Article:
Olga Umansky, MLIS, is a librarian and archivist of the Hanns Sachs Library at BPSI. Her remarks below originally appeared in the Fall 2020 issue of the library newsletter, which can be read here.

Sabina Spielrein in the 1930s. Photograph from the web site of International Association for Spielrein Studies

Klara Naszkowska, PhD, a Fulbright and Visiting Scholar at Union Theological Seminary, Columbia University has recently contacted the BPSI Archives to research our collection of interviews with Jewish women émigré psychoanalysts who came to the United States in 1930s. As a chair of the International Association for Spielrein Studies, Dr. Naszkowska is organizing the “Sabina Spielrein and the Early Female Pioneers of Psychoanalysis” conference in Warsaw, Poland, now rescheduled for April 15-17, 2022. The first part of the conference will be held online in April 2021, in collaboration with Union Theological Seminary in New York. The Association holds an impressive collection of resources, papers, and photographs depicting tragic life and work of Sabina Spielrein (1885-1942), a Russian-Jewish psychoanalyst and pediatrician with at least thirty publications in German, French and Russian.

One of BPSI’s last live gatherings before the Covid-19 pandemic, was a dramatic reading of “What Does Woman Want”, a play written by Susan Quinn and Sarah Berry-Tschinkel. The reading celebrated four women in Freud’s intimate circle: Sabina Spielrein, Anna Freud, Lou Andreas-Salome, and Marie Bonaparte. Based largely on correspondence and diaries, the performance included Sabina’s interchanges with Freud and a gut-wrenching story of her murder by an SS death squad in the Zmievskaya Balka (“Snake Ravine”) near Rostov-on-Don.

Mostly remembered for her role in the Freud and Jung love triangle, Sabina Spielrein is often overlooked as a forebear of child analysis. Even though her Contributions to Understanding a Child’s Mind paper was published as early as 1913, the significance of her scientific work was minimized for decades. She influenced Freud’s theory of the interplay between sex and death drives formulated in Beyond the Pleasure Principle. She shaped Jean Piaget’s views on childhood language development in the early 1920s, and contributed to the formation of the views of Lev Vygotsky and Alexander Luria, two Soviet psychologists she had met in the notorious Moscow Psychoanalytic Orphanage–Laboratory “Detski Dom”. In 1923, Sabina was appointed to train teachers in this strange boarding school intended for 25 true orphans, aged 2-7, mixed with 25 children of the Soviet elite, including a young son of Joseph Stalin. The school was shut down in 1924. Sabina’s family struggled during Stalin’s Great Purge, (her three brothers were executed in 1938), yet she miraculously survived the 1930s in her native Rostov-on-Don. She raised two daughters and worked as a pediatrician at the local walk-in clinic until the German invasion. Very little is known about the last period of her life. The loss of contact with her European colleagues, followed by her tragic death, resulted in her work descending into obscurity until the late 1970s when her archives started resurfacing in Geneva. Sabina Spielrein’s legacy has undergone a fuller assessment in the last 20 years thanks to recent publications about her by Adrienne Harris, Cooper-White, Michael Plastow, Sabine Richebaecher, John Launer, Klara Naszkowska, and to the work of the International Association for Spielrein Studies.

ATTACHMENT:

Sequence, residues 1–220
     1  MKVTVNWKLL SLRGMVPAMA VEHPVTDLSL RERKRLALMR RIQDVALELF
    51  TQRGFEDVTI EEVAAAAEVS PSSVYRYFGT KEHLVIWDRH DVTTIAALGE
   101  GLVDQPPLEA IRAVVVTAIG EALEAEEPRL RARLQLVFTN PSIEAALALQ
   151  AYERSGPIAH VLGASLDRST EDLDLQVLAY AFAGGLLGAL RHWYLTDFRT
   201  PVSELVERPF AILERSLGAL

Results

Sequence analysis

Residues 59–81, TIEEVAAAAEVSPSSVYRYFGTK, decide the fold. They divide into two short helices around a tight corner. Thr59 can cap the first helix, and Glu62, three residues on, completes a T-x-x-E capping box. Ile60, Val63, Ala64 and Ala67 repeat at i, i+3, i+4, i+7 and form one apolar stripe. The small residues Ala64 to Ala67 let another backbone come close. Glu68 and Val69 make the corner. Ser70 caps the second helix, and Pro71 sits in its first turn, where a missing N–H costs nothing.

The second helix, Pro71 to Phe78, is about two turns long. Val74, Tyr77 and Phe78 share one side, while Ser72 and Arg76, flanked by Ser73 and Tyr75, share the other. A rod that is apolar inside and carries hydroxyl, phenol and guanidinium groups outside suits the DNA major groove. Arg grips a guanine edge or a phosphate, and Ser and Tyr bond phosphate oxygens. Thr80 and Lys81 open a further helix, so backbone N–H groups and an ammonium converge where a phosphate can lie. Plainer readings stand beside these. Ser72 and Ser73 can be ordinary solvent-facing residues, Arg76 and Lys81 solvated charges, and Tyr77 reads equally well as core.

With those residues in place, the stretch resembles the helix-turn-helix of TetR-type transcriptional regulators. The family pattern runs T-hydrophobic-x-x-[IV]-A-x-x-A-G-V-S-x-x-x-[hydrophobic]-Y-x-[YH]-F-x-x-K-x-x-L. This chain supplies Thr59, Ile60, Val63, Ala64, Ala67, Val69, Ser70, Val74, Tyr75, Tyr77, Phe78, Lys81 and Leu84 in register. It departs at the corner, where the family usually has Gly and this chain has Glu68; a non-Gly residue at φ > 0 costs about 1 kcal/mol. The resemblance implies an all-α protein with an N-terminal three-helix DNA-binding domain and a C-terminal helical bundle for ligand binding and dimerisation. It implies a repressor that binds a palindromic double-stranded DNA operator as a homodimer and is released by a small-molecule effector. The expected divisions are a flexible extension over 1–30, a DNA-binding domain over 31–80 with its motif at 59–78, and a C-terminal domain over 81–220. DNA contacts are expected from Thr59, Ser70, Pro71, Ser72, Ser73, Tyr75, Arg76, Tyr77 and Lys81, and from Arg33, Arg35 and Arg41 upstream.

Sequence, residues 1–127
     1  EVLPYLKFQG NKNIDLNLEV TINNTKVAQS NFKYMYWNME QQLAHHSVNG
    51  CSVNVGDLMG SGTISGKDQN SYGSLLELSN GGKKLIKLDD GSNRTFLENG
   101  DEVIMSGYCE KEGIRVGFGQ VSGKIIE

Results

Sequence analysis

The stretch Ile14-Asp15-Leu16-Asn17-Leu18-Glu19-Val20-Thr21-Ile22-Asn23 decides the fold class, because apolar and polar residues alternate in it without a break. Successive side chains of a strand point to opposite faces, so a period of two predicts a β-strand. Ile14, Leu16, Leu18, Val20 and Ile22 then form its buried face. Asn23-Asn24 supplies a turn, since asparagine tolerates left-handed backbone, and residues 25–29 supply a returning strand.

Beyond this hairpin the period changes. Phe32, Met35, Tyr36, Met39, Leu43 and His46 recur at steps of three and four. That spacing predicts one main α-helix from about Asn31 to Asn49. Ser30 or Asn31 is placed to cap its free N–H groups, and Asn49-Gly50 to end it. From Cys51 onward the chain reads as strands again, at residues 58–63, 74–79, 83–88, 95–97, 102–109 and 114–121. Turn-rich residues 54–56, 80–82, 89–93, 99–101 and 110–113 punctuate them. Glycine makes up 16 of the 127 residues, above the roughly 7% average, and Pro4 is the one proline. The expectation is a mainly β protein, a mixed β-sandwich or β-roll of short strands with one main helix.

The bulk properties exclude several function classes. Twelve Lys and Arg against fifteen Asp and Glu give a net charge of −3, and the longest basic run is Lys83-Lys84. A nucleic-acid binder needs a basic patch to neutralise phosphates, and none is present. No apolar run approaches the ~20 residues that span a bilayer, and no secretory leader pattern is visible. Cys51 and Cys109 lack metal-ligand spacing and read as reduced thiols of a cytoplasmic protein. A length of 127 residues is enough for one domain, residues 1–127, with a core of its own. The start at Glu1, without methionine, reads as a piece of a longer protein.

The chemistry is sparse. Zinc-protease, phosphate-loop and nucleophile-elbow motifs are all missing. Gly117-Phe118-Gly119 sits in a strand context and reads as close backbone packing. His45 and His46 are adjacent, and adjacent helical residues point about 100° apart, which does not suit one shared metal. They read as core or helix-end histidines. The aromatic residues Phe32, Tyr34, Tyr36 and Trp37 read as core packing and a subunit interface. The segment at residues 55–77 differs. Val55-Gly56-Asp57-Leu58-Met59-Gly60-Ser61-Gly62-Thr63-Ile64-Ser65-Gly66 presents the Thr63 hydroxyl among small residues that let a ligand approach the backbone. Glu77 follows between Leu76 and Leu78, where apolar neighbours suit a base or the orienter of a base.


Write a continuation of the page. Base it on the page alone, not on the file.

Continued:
Sabina Spielrein’s House in Rostov-on-Don and the Holocaust Memorial in Zmievskaya Balka, Russia

Five years ago, a plaque with her name was placed on Sabina’s family house in Rostov-on-Don. One of the apartments held a memorial exhibit featuring Sabina’s portraits painted by a local contemporary artist. The tenement house at 83 Pushkinskaia street (shown on the picture here) was built by Sabina’s parents in 1897. In addition to the Spielrein family apartments, it quartered her mother’s dental clinic. Other notable tenants included the Belgian consulate and the Turkish consul. The building was nationalized and turned into communal apartments after the Russian revolution of 1917, but the Spielreins were able to keep a small room under the front stairs. To commemorate her 135th birthday on Nov 10 in 2020, the apartment of her childhood was planning to officially open as the Sabina Spielrein Memorial Museum (Rostov archivists recently found her birth certificate and established her corrected birthday date). The museum staff managed to find odd pieces of Spielrein’s dinnerware scattered among the neighbors. There are plans for guided school visits and “a psychological lab” in Sabina’s memory. Her world acclaim inspires local historians to continue researching the Holocaust in Rostov-on-Don. What is considered to have been the largest extermination of Jews on the territory of Russia, is, sadly, the worst documented one. The exact date of Sabina’s murder is not known, but the first massacres in Zmievskaya Balka began in August 11-14, 1942. The site of Sabina’s death has become a scene of a recent controversy. In 2004, a plaque referring to “more than 27,000 Jews murdered by the Nazis” was added to a typical Soviet-era monument that had not mentioned the killing of Jews (shown on the picture here). A few years later, however, the local government reverted to a more generic plaque, acknowledging the murder of “peaceful citizens of Rostov-on-Don and Soviet prisoners-of-war”. In 2014, a compromise plaque, commemorating “27,000 civilians of many nationalities” and also mentioning “a mass extermination of Jews”, was installed. The world-wide effort to gather names and stories about those who died alongside Sabina Spielrein and her young daughters is still ongoing.


Olga Umansky can be contacted by email here.


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